Seeing vendors selling them by the road side around Nakasero market, one would wonder what they are. Enkooge (tamarinds) is a fruit that will not easily attract buyers unless you are well conversant with them. Tamarinds are pod-like fruits with a brown covering that contains edible fleshy tissue. Unlike other farmers, as a way of increasing her earnings, Lillian Ejang, 37, decided to add value to tamarind.
After four years of imprisonment, Ejang had lost everything. She decided to embrace tamarind farming. “Growing up with my grandparents in Kigumba, Kiryandongo District, we had lots of tamarind trees and each time people came complaining of different illnesses, my grandparents would either recommend them to eat tamarind or make juice out of it,” she explains. Thinking of tamarinds’ sweet-sour taste, Ejang knew not many people would enjoy the fruit so to attract more buyers, she decided to make juice out of them.
Creating employment for herself, she started the search for tamarind. For two months in Kigumba, Ejang moved to different homes asking farmers if they would sell to her their tamarind.
“For the start, many were giving her the tamarind pods for free. In many homesteads the pods were just rotting away, yet others wanted to cut the trees for charcoal,” she explains.
Ejang also moved to Nakasongola, Apac, and Kiryandongo buying tamarind and sensitising people not to cut down their trees. She buys each tamarind tree at Shs500,000 for every harvest.
“I also give a token of appreciation to farmers who have not cut down their trees. By so doing, this helps me entice the tree owners thus increasing my harvest for every season,” she says.
However, Ejang says tamarinds are slow-growing trees taking about 10 years. When they mature and bear fruits, these can be left on the tree for as long as six months. She says tamarinds are harvested by pulling the pods away from the stalk.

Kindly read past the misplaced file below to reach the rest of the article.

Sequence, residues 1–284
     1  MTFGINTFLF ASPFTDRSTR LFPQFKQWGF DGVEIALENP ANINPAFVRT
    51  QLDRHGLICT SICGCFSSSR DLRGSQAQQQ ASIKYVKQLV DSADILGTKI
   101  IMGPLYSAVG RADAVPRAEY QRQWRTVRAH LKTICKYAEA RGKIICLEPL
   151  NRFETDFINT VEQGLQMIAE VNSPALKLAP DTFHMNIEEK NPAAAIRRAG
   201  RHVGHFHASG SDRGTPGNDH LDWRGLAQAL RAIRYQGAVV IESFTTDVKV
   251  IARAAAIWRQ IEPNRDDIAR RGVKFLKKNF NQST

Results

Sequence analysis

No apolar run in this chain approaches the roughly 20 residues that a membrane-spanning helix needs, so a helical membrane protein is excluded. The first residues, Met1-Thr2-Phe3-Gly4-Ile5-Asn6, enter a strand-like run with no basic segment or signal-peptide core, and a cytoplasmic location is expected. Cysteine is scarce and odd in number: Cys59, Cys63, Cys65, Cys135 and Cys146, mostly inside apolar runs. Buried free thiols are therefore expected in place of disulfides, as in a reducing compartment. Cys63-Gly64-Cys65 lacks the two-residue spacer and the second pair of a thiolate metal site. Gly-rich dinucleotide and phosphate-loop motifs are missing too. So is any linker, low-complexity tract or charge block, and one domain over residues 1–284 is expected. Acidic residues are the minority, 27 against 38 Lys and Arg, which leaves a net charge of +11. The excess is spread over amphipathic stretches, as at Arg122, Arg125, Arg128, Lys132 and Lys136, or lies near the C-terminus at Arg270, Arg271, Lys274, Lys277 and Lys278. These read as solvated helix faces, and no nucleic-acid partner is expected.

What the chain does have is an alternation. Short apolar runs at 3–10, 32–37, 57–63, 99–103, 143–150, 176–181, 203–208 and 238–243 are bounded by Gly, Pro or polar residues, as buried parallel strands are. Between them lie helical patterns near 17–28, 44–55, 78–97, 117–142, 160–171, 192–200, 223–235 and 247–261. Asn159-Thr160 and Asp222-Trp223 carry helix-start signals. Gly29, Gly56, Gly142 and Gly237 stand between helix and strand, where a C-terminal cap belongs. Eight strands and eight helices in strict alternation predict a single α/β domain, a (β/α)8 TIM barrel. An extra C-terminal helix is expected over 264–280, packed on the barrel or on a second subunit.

Collect ripe tamarind pods from the trees and then sun-dry the pods to help you break the brown cover easily.
Once the cover is broken, you can peel them off to get a smooth paste flesh clinging tight to the hardened dark-brown seeds with fibres.
Use a weighing scale to help you know how many kilogrammes of tamarind you need. Knowing the right amounts will help you determine the amount of water needed.
Soak them in boiling water to detach the seeds from the flesh. She says when boiling, you will need a thermometer to help you confirm the water has reached boiling point – 100 degrees.
After the seeds have separated from the seeds, the water will turn into a thick dark brown solution.
For a nice aroma and taste, she adds other ingredients such as ginger and cinnamon. Then use a sieve to drain the boiled content in another bowl leaving it to cool.
“The juice is sugar free so for those who consume sugar, you can always add to sweeten,” she says.
From the waste particles after sieving, Ejang makes tamarind paste.
She makes it by boiling the tamarind waste, stirring it continuously as it boils to form a thick paste that is completely mushy. To the paste she adds a little garlic and filters.
From the tamarind seeds, Ejang makes tamarind tea. She roasts the dry tamarind seeds until they form a sweet-smelling aroma and turn dark brown. Letting the seeds cool, she then peels off the seed coats using her fingers. Pounding the seeds using a mortar and pestle, she carefully crushes them to form tamarind tea powder.